Drinking conjures many images in the popular culture. There’s the hard-drinking type and the lonely alcoholic; the beer culture of the working man and the cocktail parties of the upper class. These stereotypes tell something of the truth, but not the whole truth, and certainly not the nuances of drinking in our 60s and beyond, I learned while researching “Retirement and the Hidden Epidemic,” published last year.
Not all older people are equally predisposed to developing unhealthy or problem drinking. There are various attributes that are associated with greater at-risk drinking in later life. These include gender, age, race or ethnicity, education, and income; physical and mental health; coping style and previous use of alcohol or other substances; experiencing various life events, such as divorce; and engaging in bridge employment.
Over all age groups, men are more likely than women to drink, and are likely to drink in larger amounts. And older men have a higher prevalence of unhealthy drinking than older women.
Almost all studies of drinking in older people, find that the “young old” – i.e., people in their 60s and early 70s – tend to drink more than those in their late 70s and beyond. Those who are in later the stages of retirement (81 and older) are most likely to be non-drinkers and least likely to report unhealthy drinking. That said, heavy drinkers are less likely to live until their 80s and 90s. In men, moderate drinking usually remains stable while heavier drinking decreases, while for women, the pattern was the opposite: moderate drinking decreases in increasingly older groups of women, but heavier drinking remains stable.
There is a fairly consistent picture of the older drinker. Alcohol use tends to be higher among people who are white; divorced or separated; less religious; in generally good health; highly educated; and possessing greater financial resources.
Physical and Mental Health
The relationship between health and drinking is complex, and involves multiple chains of causation and relationship. Older people who are in better health are more likely to drink, and are likely to drink more, than their age-mates in poorer health. At the same time, people who drink heavily in late life typically report poorer physical and mental health than those who restrict their consumption. As health-related problems increase, alcohol consumption generally declines. Also, acute health events were associated with less alcohol consumption. However, a significant subset of individuals with greater health burdens relied on alcohol to reduce pain.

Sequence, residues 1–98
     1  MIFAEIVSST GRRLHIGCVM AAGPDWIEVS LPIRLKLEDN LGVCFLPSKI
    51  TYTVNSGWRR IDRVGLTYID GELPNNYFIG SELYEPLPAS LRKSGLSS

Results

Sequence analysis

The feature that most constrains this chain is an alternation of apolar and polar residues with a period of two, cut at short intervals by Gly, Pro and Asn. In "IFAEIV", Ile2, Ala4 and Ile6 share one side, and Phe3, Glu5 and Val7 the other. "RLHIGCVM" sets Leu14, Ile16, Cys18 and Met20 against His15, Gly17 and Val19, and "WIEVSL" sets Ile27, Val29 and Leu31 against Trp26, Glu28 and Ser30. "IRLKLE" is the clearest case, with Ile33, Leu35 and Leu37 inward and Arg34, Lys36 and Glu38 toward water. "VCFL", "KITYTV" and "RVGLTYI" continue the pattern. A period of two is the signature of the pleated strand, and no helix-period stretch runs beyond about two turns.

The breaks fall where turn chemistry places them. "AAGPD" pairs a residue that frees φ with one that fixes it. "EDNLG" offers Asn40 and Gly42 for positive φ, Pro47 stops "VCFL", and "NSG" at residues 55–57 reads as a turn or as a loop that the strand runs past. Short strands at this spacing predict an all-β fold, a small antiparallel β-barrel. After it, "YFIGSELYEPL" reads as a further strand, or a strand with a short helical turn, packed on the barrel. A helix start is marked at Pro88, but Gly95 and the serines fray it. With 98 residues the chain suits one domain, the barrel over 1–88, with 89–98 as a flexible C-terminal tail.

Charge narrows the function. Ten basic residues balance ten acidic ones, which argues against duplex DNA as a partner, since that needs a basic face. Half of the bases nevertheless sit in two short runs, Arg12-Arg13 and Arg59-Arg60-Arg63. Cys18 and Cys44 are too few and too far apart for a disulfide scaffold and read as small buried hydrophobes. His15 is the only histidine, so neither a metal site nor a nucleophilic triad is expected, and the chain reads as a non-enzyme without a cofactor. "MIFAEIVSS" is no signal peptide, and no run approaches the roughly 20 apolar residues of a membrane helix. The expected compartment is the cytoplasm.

How individuals tend to cope with stress is a good predictor of whether or not they are likely to have a drinking problem in late life. Individuals who rely on avoidance coping are more likely to develop and maintain alcohol-related problems as they age.
People who have a history of relying on substances to reduce tension are at greater risk for at-risk drinking and drinking problems in later life. A history of drinking problems by middle age is a very strong predictor of late-life drinking problems.
Older people who are divorced, separated, or single are more likely to drink, and to drink at unhealthy levels, than married people; and married people are more likely to drink than those who are widowed. The loss of a life partner is associated with increased drinking, but only for a short time. This is testimony to the fact that drinking has a strong social component—which may decline in importance after a spouse passes away.
Sometimes retirement doesn’t represent the end of one’s career, but simply a pause before a new employment gig is taken up. Older workers who engage in bridge employment share characteristics not only with the younger workforce, but also with retirees. There is some evidence that bridge employment lowers one’s risk for heavy drinking, especially if the work is in one’s career field or is otherwise enjoyable. However, others may find bridge employment to be stressful, especially if they don’t fit in with the younger workers or find that their skills are lacking. Under such conditions, alcohol might serve as a ready means of reducing the tension arising from new workplace demands (cognitive or physical) and age discrimination (real or perceived).
Late-life drinking is a complex problem. Development of drinking problems as one approaches and passes retirement age is not uncommon, but the risk of harm lowers dramatically if one is not a heavy drinker to begin with, keeps in good general health, maintains a sharp mind, develops good coping mechanisms, and manages stress (work-related or not). Learn what steps you can take to identify and monitor drinking patterns so that you can safeguard your health.